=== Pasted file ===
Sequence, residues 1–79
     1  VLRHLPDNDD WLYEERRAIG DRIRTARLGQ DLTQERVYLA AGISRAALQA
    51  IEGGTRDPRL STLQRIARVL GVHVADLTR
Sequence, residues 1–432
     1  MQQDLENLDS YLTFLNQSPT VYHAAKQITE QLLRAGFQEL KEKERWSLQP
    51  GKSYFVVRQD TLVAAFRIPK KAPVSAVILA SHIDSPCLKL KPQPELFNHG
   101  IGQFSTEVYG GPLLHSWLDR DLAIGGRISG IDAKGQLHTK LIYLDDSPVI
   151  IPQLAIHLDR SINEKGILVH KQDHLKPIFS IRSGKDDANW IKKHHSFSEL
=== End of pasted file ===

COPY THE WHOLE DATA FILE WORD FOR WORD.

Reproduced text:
Sequence, residues 1–79
     1  VLRHLPDNDD WLYEERRAIG DRIRTARLGQ DLTQERVYLA AGISRAALQA
    51  IEGGTRDPRL STLQRIARVL GVHVADLTR
Sequence, residues 1–432
     1  MQQDLENLDS YLTFLNQSPT VYHAAKQITE QLLRAGFQEL KEKERWSLQP
    51  GKSYFVVRQD TLVAAFRIPK KAPVSAVILA SHIDSPCLKL KPQPELFNHG
   101  IGQFSTEVYG GPLLHSWLDR DLAIGGRISG IDAKGQLHTK LIYLDDSPVI
   151  IPQLAIHLDR SINEKGILVH KQDHLKPIFS IRSGKDDANW IKKHHSFSEL